Wednesday, October 28, 2009

Is cloud computing ready?

I recently read Infoworld's coverage of Cloud Computing (link here). I think the description is overly complex, futuristic and not clear. The cloud is too new to bed considered as a stack. Let me try to simplify the cloud.

IMO, there are 3 types of cloud services:-
1) SaaS (i.e. Salesforce.com, email outsourced, etc.)
2) Web services (i.e. google maps, facebook connect, XML APIs, ProgrammableWeb, etc.)
3) Infrastructure (i.e. Amazon EC2). This is what I think of when I say "the cloud"

SaaS is relatively easy, either do it or don't, depending on whether SaaS product provides the features you need. Web services is also easy, really just a web API. (NOTE: I am making the assumption that security issues in the cloud meet appropriate standards for you applications. This is different in different industries and applications).

Infrastructure is hard. The main barrier is with existing applications that are two or more years old, and not cloud compatible. I've not seen nor heard of any CTOs moving an existing application to the cloud. I've only seen it done for new application frameworks which are cloud-friendly, typically PHP, Ruby-On-Rails and other open source frameworks. Many startups are using these open source frameworks and the cloud for infrastructure, and having great success.

The other "unspoken" barrier is that deploying in the cloud invalidates existing corporate data center investments. Oops! You would think a private cloud would solve this investment dilemma, but I have not seen large corporations move this way. I was completely surprised when I discovered that most very large corporations have no intentions of building a private cloud.

Question: how is a CTO to move to the cloud?
Answer: by replacing existing application with a brand-new application which is cloud-friendly

This is tough, who has time, budget or inclination to completely replace existing applications? This is way harder than internet-enabling applications, which CTOs have been doing or completed in the last 5+ years. How long will it take for us to completely replace all our application frameworks?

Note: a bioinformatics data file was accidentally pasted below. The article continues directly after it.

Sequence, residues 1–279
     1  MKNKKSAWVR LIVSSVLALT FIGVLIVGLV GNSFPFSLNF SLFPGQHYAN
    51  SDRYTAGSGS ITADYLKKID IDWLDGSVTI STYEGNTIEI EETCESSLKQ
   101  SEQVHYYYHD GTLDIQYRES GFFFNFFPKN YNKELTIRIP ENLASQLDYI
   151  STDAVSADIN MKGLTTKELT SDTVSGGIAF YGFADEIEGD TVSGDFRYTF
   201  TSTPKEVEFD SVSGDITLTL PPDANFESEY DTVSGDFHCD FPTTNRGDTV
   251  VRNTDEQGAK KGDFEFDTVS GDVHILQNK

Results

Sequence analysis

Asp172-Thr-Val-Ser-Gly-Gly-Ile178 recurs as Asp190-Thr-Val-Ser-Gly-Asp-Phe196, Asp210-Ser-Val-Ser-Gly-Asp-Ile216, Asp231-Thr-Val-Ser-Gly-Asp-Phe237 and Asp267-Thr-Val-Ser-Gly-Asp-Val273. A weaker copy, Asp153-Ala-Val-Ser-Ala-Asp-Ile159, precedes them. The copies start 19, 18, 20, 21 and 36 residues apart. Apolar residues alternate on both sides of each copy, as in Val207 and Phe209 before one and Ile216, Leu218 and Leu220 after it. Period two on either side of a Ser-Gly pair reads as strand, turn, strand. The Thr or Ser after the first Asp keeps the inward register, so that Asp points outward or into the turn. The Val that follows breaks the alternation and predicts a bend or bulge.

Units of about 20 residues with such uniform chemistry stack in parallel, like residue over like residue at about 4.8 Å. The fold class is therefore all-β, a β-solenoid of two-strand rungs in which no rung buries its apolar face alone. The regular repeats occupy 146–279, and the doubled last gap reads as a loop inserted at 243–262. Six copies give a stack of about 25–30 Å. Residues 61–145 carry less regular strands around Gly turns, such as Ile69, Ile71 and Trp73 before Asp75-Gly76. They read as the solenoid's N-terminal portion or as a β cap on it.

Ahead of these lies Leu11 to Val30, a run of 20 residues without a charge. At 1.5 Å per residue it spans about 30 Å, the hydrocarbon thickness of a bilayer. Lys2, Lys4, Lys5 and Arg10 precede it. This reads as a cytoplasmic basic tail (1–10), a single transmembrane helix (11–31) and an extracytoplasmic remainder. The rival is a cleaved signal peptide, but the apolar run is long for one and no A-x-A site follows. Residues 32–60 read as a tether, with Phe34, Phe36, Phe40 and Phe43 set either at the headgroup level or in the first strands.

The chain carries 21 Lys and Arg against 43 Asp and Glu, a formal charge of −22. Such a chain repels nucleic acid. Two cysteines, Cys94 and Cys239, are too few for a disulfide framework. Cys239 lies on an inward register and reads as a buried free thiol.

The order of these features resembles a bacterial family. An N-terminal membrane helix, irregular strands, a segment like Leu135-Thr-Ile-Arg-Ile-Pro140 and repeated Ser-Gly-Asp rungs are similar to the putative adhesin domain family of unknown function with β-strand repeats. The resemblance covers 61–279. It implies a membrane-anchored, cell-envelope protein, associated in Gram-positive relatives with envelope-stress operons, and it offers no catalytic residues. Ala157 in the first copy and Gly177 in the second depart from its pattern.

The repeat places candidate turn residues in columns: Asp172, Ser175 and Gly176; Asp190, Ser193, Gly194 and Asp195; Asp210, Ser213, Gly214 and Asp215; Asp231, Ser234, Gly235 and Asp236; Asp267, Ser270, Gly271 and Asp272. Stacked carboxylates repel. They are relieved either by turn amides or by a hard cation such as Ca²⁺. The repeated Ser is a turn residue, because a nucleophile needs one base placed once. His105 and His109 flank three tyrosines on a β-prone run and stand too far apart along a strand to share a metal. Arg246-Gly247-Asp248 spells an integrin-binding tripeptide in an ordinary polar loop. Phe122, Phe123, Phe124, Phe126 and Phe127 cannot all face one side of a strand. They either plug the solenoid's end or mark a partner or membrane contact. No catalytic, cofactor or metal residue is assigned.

In the meantime, we'll continue to watch with envy as startups make full use of the cloud.

3 comments:

Saqib Ali said...
This comment has been removed by the author.
Saqib Ali said...

moving existing apps to the Google Apps Engine will not be easy. today the most applications are RDBMS driven. In the Google Apps Engine world there is no concept of RDBMS.

Google Secure Data Connector (SDC) allows applications running on Google App Engine (in Cloud) access to RDBMS behind a firewall.

Things to consider:

1. Apps that you develop in Google App Engine can not directly talk to the Databases behind a firewall.

2. Google App Engine does not support regular SQL (RDBMS) queries. You need to install Feed Server behind the firewall that converts the query result sets to ATOM (gData). The SDC then talks to the Feed Server. And the applications running on the App Engine talk to the SDC.

3. This is an excellent architecture, as it provides multiple levels of security - at the DB Level, at the Feed server level, and at the Secure Data Connector Level. And most importantly No firewall re-configuration is required.

4. Having said this, I don't see the current RDBMS application moving to Google App Engine anytime soon. There is a lot of re-work involved. But for future applications based on an existing RDBMS, Google App Engine with Secure Data Connector should be considered an option.

Merge-join, Lists and fuzzy query are some of keys benefits of Google Apps Engine

Dennis Hilario said...

hi there...i've been contemplating about converting my existing web-based business software that has been in existence for about 7 years already from traditional license software to saas model. i hope the answer to your blog title is yes...